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  • Strong Representationalism and Bodily Sensations: Reliable Causal Covariance and Biological Function.Coninx Sabrina - 2021 - Philosophical Psychology 34 (2):210-232.
    Bodily sensations, such as pain, hunger, itches, or sexual feelings, are commonly characterized in terms of their phenomenal character. In order to account for this phenomenal character, many philosophers adopt strong representationalism. According to this view, bodily sensations are essentially and entirely determined by an intentional content related to particular conditions of the body. For example, pain would be nothing more than the representation of actual or potential tissue damage. In order to motivate and justify their view, strong representationalists often (...)
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  • Smelling objects.Becky Millar - 2019 - Synthese 196 (10):4279-4303.
    Objects are central to perception and our interactions with the world. We perceive the world as parsed into discrete entities that instantiate particular properties, and these items capture our attention and shape how we interact with the environment. Recently there has been some debate about whether the sense of smell allows us to perceive odours as discrete objects, with some suggesting that olfaction is aspatial and doesn’t allow for object-individuation. This paper offers two empirically tractable criteria for assessing whether particular (...)
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  • How we talk about smells.Giulia Martina - forthcoming - Mind and Language.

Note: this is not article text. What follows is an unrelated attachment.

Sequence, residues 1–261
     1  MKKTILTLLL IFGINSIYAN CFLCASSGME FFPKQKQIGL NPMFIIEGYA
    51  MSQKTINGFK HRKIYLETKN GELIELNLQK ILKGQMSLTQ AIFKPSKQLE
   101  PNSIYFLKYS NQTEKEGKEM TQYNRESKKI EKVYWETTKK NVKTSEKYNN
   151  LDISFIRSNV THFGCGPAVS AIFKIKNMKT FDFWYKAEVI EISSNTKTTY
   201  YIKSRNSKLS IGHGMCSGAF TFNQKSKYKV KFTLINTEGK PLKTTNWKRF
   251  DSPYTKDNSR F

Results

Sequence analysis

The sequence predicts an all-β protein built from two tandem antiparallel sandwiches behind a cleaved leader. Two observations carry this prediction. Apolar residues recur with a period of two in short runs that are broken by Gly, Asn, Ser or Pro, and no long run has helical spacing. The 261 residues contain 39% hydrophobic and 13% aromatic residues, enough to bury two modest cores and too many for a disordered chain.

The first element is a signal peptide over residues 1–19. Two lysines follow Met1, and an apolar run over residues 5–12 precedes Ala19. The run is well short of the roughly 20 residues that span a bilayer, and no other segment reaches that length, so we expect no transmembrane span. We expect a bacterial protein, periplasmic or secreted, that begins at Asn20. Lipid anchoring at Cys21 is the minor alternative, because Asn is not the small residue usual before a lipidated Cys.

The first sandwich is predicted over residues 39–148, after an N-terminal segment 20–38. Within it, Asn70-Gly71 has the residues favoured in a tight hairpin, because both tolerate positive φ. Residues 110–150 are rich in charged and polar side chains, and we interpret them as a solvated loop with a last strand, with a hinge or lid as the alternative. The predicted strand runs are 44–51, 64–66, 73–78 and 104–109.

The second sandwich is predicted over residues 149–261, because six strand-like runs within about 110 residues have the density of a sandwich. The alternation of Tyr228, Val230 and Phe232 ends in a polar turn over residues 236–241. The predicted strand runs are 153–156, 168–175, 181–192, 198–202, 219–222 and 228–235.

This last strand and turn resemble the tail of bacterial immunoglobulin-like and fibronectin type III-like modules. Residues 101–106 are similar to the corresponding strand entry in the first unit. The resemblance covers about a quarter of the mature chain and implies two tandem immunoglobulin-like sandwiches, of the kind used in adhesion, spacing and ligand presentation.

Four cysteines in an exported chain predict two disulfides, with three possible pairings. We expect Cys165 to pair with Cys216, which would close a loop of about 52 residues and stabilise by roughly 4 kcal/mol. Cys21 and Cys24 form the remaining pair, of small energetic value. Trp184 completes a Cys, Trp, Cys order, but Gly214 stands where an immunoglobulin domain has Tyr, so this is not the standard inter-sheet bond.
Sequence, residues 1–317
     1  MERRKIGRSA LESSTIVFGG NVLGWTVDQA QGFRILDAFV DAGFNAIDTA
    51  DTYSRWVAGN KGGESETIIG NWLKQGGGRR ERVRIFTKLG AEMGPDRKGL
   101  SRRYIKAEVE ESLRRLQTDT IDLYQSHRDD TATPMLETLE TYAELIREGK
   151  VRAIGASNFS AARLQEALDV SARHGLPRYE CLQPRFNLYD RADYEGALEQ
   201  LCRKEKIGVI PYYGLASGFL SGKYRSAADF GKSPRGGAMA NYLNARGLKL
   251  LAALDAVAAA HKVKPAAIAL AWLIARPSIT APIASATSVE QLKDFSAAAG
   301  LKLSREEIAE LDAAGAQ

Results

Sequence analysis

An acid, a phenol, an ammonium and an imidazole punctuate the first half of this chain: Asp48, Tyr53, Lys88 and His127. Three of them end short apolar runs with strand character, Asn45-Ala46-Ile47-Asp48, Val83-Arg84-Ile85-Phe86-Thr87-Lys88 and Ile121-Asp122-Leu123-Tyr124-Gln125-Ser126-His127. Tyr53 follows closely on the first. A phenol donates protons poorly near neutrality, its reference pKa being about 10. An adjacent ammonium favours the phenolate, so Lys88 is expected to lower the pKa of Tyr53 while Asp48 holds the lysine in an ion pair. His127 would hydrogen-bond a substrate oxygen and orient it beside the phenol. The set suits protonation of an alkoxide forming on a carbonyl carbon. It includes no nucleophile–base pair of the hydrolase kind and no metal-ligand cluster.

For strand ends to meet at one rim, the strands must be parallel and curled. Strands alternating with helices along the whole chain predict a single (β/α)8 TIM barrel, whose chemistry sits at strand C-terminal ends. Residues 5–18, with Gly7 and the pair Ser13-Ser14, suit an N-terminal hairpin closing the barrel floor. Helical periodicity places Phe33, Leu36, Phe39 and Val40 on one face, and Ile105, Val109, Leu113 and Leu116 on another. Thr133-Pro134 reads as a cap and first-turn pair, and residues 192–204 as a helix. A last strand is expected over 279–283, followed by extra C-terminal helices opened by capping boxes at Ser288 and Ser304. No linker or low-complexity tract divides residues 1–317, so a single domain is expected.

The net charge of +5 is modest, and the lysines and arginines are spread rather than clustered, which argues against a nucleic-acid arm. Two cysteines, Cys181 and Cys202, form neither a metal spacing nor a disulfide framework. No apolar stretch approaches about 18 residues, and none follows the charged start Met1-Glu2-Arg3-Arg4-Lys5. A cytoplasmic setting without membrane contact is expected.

Smells are often said to be ineffable, and linguistic research shows that languages like English lack a dedicated olfactory lexicon. Starting from this evidence, I propose an account of how we talk about smells in English. Our reports about the way things smell are comparative: When we say that something smells burnt or like roses, we characterise the thing's smell by noting its similarity to the characteristic smells of certain odorous things (burnt things, roses). The account explains both the strengths (...)
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  • How Reliably Misrepresenting Olfactory Experiences Justify True Beliefs.Angela Mendelovici - 2020 - In Berit Brogaard & Dimitria Gatzia (eds.), The Epistemology of Non-visual Perception. Oxford, UK: Oxford University Press. pp. 99-117.
    This chapter argues that olfactory experiences represent either everyday objects or ad hoc olfactory objects as having primitive olfactory properties, which happen to be uninstantiated. On this picture, olfactory experiences reliably misrepresent: they falsely represent everyday objects or ad hoc objects as having properties they do not have, and they misrepresent in the same way on multiple occasions. One might worry that this view is incompatible with the plausible claim that olfactory experiences at least sometimes justify true beliefs about the (...)
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  • The contents of perception.Susanna Siegel - 2005 - Stanford Encyclopedia of Philosophy.
    This is the Stanford Encyclopedia of Philosophy entry on the contents of perception.